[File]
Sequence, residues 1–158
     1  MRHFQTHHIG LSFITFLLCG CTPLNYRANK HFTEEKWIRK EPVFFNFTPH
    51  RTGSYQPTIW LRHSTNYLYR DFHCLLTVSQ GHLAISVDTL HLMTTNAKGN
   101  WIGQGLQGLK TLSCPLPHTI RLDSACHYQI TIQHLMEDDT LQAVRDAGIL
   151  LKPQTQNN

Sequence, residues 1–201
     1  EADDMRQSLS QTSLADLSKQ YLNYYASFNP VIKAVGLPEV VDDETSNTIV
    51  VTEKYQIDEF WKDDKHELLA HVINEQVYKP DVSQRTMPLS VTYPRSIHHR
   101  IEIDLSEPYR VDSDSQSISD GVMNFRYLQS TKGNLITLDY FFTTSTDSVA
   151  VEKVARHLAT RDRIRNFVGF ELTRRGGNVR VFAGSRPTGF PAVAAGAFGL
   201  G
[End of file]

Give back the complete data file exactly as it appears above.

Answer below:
Sequence, residues 1–158
     1  MRHFQTHHIG LSFITFLLCG CTPLNYRANK HFTEEKWIRK EPVFFNFTPH
    51  RTGSYQPTIW LRHSTNYLYR DFHCLLTVSQ GHLAISVDTL HLMTTNAKGN
   101  WIGQGLQGLK TLSCPLPHTI RLDSACHYQI TIQHLMEDDT LQAVRDAGIL
   151  LKPQTQNN

Sequence, residues 1–201
     1  EADDMRQSLS QTSLADLSKQ YLNYYASFNP VIKAVGLPEV VDDETSNTIV
    51  VTEKYQIDEF WKDDKHELLA HVINEQVYKP DVSQRTMPLS VTYPRSIHHR
   101  IEIDLSEPYR VDSDSQSISD GVMNFRYLQS TKGNLITLDY FFTTSTDSVA
   151  VEKVARHLAT RDRIRNFVGF ELTRRGGNVR VFAGSRPTGF PAVAAGAFGL
   201  G